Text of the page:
# Trig limit without using l'hopital's rule [closed]

I need help calculating this limit without L'Hopital's rule.

$$\lim_{x \to 0} \frac{\cos(6x)-1}{x\sin(6x)}$$

## closed as off-topic by user370967, B. Mehta, Dave, samjoe, Xander HendersonOct 23 '17 at 19:17

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• I don't get this. This question clearly shows no effort, and other questions get closed for this reason, but this one gets upvotes and answers? – user370967 Oct 23 '17 at 14:18
• There should be a new flag for zero effort shown by OP in a text book type problem. – Narasimham Oct 23 '17 at 18:31

hint: Use the followings facts:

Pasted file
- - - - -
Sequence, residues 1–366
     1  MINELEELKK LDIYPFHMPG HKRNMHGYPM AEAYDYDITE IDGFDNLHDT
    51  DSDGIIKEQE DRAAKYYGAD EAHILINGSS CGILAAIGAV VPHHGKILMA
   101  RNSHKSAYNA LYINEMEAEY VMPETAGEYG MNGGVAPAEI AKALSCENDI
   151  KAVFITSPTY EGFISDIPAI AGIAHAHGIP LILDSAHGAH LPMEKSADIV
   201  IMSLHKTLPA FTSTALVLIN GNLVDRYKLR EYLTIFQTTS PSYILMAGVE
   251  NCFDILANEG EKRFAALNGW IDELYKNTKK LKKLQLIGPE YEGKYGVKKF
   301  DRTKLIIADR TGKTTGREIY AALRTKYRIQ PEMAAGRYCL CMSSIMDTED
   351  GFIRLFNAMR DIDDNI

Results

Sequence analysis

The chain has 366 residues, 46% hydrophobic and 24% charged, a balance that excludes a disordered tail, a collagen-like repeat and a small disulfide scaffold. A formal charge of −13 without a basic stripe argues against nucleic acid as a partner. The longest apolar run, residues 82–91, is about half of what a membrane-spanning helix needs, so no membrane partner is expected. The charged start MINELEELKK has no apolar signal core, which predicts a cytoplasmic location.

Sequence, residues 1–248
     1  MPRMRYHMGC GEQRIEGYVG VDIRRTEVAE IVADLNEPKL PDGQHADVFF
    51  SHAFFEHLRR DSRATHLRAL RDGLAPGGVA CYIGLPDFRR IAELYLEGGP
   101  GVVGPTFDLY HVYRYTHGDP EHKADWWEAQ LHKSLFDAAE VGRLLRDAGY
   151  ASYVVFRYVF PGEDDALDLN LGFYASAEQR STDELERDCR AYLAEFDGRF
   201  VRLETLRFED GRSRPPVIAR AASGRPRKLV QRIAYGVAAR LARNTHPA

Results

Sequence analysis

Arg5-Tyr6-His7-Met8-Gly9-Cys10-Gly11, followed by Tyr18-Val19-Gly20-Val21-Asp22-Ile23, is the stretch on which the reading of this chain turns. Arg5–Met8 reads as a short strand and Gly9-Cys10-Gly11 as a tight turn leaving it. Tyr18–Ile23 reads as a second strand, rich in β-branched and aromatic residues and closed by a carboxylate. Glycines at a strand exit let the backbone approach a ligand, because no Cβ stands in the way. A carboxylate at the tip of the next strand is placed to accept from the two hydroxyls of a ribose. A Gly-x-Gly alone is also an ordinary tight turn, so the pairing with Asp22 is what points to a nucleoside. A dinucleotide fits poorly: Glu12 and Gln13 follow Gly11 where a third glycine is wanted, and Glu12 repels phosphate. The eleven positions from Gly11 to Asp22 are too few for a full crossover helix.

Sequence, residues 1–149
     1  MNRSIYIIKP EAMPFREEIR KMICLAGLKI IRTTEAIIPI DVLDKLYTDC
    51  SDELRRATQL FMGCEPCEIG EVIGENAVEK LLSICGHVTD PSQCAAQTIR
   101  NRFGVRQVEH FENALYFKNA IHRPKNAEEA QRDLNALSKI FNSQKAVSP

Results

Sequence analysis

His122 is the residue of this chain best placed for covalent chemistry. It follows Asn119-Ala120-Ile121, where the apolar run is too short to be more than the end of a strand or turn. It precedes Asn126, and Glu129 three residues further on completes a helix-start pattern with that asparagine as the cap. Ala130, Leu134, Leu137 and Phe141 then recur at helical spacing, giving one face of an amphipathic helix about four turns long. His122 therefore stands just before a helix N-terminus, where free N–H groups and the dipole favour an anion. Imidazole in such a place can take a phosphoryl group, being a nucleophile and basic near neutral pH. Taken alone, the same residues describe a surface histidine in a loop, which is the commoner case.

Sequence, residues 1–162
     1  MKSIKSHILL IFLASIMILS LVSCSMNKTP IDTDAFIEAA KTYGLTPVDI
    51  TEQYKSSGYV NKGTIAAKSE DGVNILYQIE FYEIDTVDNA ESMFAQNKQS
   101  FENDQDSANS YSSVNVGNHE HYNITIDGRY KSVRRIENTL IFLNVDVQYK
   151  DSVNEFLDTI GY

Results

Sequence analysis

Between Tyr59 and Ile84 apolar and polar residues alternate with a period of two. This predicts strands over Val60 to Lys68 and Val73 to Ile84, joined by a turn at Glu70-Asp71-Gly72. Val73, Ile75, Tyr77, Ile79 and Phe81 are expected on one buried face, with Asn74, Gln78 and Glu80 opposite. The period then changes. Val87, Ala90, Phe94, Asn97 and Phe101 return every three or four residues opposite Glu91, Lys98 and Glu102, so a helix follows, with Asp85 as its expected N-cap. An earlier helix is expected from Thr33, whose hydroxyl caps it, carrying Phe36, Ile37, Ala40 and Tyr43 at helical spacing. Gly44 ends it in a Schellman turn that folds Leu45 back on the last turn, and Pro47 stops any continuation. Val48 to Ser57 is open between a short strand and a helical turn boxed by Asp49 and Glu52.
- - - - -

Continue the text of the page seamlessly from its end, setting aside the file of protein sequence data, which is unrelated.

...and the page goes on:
$1)$ $\cos(6x) - 1 = -2\sin^2(3x)$,

$2)$ $\sin (6x) = 2\sin(3x)\cos(3x)$,

$3)$ $\sin(3x)/3x \to 1$ for $x \to 0$ of course.

$4)$ $\cos(3x) \to 1$.

• How did we get to $3x$ in $\frac{sin3x}{3x}$? – gbox Oct 23 '17 at 7:07
• simple: write $x = 3\left(\dfrac{x}{3}\right)$ – DeepSea Oct 23 '17 at 7:08

The fast way:

$$\cos(6x)-1=-2\sin^2(3x)\sim -18x^2,\\x\sin(6x)\sim6x^2$$

hence $-3$.

This is easily made rigourous by using a few $\dfrac{\sin t}t$ ratios.

Multiply numerator and denominator by $6(\cos(6x)+1)$, to get $$\frac{\cos^2(6x)-1}{6x\sin(6x)}\frac{6}{\cos(6x)+1}= \frac{-\sin^2(6x)}{6x\sin(6x)}\frac{6}{\cos(6x)+1}= -\frac{\sin(6x)}{6x}\frac{6}{\cos(6x)+1}$$